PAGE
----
Apple has not made any official statement yet about a web-based music streaming service dubbed as ‘iRadio” it is rumored to launch this coming summer, but reports say that the company is making progress in the process of negotiations with record companies regarding licensing rights for content. Sources in the music industry has stated in a recent report by The Verge that Apple’s entry into the world of web radio is no longer a matter of ‘if’ but of ‘when’.
The report further notes that Apple has made significant steps towards obtaining licensing rights from two of the music industry’s giant labels, Universal and Warner. A deal with the two labels is an additional advantage for Apple, which by itself already wields influence that it can take advantage of in pursuing any current plans it may have. Earlier reports indicated that Apple have had some difficulties in pushing its own web music streaming service through due to licensing issues. The recent news of the company making inroads with Universal and Warner is taken by industry insiders as a positive indicator that “iRadio” is coming soon. Considering that Apple’s devices are as ubiquitous as the company itself, and with iTunes being powerful and popular as it is, it is no surprise at all if the company is in a better bargaining position to push it’s “iRadio” amidst content providers’ concerns over royalty rates.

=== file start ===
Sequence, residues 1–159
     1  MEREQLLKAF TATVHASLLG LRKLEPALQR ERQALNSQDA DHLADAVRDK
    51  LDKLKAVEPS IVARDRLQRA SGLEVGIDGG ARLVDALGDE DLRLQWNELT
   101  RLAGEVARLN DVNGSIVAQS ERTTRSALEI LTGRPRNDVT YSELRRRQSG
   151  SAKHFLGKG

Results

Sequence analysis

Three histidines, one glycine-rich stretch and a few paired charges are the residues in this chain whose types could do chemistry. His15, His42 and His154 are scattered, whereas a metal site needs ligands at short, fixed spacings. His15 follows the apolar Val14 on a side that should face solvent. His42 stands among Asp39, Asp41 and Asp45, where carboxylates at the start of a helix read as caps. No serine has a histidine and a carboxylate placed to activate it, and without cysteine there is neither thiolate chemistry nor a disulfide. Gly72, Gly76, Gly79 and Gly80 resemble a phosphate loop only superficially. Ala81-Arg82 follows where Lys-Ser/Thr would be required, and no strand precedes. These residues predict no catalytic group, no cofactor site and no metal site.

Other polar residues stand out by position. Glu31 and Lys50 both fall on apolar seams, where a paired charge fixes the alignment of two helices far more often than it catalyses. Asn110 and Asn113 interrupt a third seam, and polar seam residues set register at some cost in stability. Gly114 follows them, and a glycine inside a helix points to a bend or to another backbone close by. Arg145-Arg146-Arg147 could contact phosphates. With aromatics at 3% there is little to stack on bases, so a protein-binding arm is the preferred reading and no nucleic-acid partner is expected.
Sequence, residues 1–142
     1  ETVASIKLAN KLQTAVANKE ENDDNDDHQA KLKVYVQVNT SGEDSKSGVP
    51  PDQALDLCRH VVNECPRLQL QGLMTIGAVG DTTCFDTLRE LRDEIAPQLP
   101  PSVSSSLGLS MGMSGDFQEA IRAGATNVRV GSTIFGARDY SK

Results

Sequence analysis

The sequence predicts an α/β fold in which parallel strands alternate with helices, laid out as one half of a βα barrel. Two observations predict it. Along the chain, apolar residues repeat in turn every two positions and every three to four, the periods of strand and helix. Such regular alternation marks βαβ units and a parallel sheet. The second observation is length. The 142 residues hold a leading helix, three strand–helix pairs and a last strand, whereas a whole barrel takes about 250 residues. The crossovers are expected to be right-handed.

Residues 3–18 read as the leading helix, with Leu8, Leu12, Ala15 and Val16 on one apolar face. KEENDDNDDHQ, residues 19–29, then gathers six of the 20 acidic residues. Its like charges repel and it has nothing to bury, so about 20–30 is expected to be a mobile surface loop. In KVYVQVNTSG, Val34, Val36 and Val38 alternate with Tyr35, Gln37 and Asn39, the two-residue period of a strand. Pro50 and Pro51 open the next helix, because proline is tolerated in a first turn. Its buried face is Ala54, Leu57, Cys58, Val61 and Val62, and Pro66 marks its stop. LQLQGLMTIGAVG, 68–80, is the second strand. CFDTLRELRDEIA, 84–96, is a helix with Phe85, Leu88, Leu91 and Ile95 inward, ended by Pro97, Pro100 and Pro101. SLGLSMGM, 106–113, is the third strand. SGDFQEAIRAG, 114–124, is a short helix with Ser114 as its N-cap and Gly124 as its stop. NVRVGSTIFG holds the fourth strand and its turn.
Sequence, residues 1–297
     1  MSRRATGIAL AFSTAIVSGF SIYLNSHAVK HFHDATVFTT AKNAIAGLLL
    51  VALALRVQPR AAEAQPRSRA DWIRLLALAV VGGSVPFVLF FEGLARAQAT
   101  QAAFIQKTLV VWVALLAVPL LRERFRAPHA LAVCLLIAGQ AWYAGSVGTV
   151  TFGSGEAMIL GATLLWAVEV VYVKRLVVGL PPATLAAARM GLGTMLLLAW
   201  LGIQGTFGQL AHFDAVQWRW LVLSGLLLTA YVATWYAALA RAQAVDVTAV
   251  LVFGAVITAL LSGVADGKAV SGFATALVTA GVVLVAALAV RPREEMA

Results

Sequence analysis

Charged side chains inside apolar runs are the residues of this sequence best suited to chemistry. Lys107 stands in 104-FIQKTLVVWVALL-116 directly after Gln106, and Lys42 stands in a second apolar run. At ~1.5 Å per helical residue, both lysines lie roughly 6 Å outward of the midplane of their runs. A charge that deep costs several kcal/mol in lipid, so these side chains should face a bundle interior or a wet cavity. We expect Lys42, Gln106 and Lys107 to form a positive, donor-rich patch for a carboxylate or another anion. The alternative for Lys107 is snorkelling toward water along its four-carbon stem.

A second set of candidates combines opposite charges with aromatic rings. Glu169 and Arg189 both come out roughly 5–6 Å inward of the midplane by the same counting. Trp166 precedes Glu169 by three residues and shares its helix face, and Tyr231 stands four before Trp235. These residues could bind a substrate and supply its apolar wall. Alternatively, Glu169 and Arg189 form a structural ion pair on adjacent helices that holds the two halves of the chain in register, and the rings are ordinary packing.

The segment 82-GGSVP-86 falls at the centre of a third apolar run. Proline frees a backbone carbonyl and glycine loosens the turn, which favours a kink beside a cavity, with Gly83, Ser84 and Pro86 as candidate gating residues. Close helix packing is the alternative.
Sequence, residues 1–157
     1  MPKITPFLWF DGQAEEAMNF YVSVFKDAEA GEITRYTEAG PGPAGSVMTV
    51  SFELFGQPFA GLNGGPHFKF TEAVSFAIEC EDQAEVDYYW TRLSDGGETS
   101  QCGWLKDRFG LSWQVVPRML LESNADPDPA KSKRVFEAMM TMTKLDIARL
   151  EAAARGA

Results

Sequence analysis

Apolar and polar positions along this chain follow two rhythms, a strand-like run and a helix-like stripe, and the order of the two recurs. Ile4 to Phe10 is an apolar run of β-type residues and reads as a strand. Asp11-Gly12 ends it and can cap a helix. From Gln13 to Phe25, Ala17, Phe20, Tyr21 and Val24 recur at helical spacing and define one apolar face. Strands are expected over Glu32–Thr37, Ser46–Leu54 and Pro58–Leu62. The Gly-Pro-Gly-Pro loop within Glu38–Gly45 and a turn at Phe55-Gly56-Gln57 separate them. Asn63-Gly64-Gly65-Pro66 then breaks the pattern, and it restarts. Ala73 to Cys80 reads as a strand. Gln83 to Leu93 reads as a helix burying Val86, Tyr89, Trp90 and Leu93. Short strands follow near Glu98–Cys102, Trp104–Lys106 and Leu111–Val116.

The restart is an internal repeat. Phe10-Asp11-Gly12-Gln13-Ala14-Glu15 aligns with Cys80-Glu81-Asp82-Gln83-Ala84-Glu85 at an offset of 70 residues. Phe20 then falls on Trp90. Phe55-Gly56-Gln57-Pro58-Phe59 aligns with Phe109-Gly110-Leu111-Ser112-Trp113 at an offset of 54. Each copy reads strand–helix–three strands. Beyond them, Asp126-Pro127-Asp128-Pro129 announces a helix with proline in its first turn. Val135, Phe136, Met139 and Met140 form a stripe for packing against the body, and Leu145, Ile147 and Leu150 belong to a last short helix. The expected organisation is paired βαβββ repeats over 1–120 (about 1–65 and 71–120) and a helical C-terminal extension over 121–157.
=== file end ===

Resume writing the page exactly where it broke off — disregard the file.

The Copyright Royalty Board currently sets the rate to be paid by companies not owning any broadcast operations at 21 cents per 100 songs, but a report by the New York Post noted that Apple initially offered to pay only 6 cents to label companies for every 100 songs streamed. In contrast, Pandora, which is currently considered as the leading online music streaming powerhouse, pays 12 cents per 100 songs while iHeart pays 22 cents. Spotify even reportedly pays 35 cents per 100 songs streamed, which is 14 cents higher than the rate set by the Copyright Royalty Board. Label companies believe that Apple should at least pay the rate set by the royalty board even as its initial offer comes amidst moves by Pandora to ask Capitol Hill to lower the current royalty rates, the New York Post reports. Apple reportedly hoped to launch iRadio together with iPhone 5, but that it was forced to abort the plan.
Considering that royalty rates was reported to have that much impact in causing delays in the iRadio launch, any progress in negotiations with the record label companies could indicate that Apple might have been convinced that its initial offer was too low to start with.